Monday 9 July 2018
Chainsaw carvers hoping to take part in Sculptree, the August festival at Westonbirt Arboretum, have to submit their designs during January. Only trees that are dead, damaged or dangerous are felled for this event and around April, the twelve carvers selected receive photographs and dimensions of the timber considered appropriate for their design. They do not actually see their timber until they arrive at the Arboretum on the Monday before August bank holiday weekend, when it might be possible to request an alternative piece if it is not considered suitable, but more probable that the design would be adapted. These are not pieces of timber that can be moved around in a wheelbarrow! They are massive sections of mature trees – this year oak (Quercus robur), beech (Fagus sylvatica) and cedar (Cedrus spp), needing heavy lifting vehicles and careful supervision to move them even a small distance.
The carvers have seven days to complete their sculptures and on Bank Holiday Monday, the work is auctioned with part of the proceeds going to Tree Aid. These carvers work incredibly hard for a week, starting at about 8am every morning and often not finishing until it is nearly dark, taking the risk that at least two people will want their sculpture enough to fight over it at the auction and make it all worthwhile.
Daniel Cordell became interested in chainsaw carving when he visited Sculptree some twelve years ago and has now taken part in the event for six of the past seven years. A fine arts graduate from Loughborough University, he is a versatile professional sculptor working on any scale from small to monumental. He always submits original designs for Sculptree and likes the longer event that gives him time to develop the work without too much pressure. His smaller carvings, that are displayed in the Sculptree Gallery, are very popular and usually snapped up in the first couple of days of the weekend event.
All carvers who use chainsaws in public need a minimum of the LANTRA certificate of attendance that shows they have attended a course on the use of a chainsaw, but most of the carvers at Sculptree have attended a NPTC (City & Guilds National Proficiency Test Council) course that is more comprehensive and culminates in a test. John Wingfield is a professional instructor for both these courses and, ordinarily, does not have much time for sculptural work. This is his second year as one of the Sculptree team and, as this is not his bread and butter work, is able to look on the week as something of a holiday, enjoying the company of other carvers and the social side of the event. This year John chose to use a carving gouge to create much of the detail of Frustration but found it hard work and more time consuming than the chainsaw. However it paid off as the body parts emerging from the timber were beautifully carved and the oak sculpture raised a respectable £2,500 at auction.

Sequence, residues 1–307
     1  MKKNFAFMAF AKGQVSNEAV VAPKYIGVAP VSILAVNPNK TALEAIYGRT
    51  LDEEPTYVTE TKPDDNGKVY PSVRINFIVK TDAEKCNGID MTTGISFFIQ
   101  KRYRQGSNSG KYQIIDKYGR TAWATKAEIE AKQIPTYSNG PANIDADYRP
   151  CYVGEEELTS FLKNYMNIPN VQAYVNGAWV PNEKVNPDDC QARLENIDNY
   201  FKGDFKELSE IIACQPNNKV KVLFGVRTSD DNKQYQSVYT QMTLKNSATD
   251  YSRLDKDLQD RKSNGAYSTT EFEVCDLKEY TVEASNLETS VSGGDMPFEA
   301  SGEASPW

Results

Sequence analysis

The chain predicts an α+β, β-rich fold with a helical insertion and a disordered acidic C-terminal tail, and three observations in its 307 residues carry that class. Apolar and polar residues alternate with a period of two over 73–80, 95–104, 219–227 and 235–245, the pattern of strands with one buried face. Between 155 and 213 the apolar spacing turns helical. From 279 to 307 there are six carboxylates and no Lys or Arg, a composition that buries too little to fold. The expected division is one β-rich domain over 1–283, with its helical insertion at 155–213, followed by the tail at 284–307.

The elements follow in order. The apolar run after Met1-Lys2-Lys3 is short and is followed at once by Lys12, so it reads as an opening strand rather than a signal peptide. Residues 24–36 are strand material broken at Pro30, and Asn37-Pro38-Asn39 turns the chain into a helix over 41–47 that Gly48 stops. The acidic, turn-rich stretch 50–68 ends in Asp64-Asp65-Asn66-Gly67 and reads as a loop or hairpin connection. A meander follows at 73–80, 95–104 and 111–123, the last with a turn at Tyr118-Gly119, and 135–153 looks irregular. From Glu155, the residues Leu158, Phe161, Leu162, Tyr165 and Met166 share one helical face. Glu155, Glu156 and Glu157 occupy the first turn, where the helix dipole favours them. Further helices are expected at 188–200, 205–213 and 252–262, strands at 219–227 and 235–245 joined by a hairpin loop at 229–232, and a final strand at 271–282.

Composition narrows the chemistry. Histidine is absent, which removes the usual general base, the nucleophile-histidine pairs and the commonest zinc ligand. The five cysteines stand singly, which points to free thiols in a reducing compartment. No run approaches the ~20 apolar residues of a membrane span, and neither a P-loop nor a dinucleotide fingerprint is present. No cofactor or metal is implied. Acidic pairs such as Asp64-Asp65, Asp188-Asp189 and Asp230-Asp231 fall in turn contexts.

In the mix
First timer, Neil Sardeson, usually works on his own, carving wood sculptures for gardens and public places, so although delighted to be selected as one of the Sculptree team, he was a little apprehensive about working in close proximity to so many other carvers. His fears were groundless as he found a pleasant, friendly atmosphere with a helping hand from the other sculptors whenever it was needed. He was also relieved to find there was no competition between the carvers as whether or not their work did well at auction was really in the lap of the gods. He enjoyed the whole experience but found pacing his work a little daunting, being aware that the sculpture had to be finished on time, but also that visitors wanted to watch the carvers at work. In the end he was happy with the results and his Embrace in copper beech (Fagus sylvatica) sold for £2,600 at auction.
As in 2007, there were three sculptors taking part for the first time, two who had been part of the event since it started, and the others with various years of participation between these extremes. This mix resulted in the usual fine selection of sculptures for sale in the auction with prices ranging between £1,200 and £3,500, and second smaller carvings selling from £250 to £1,050.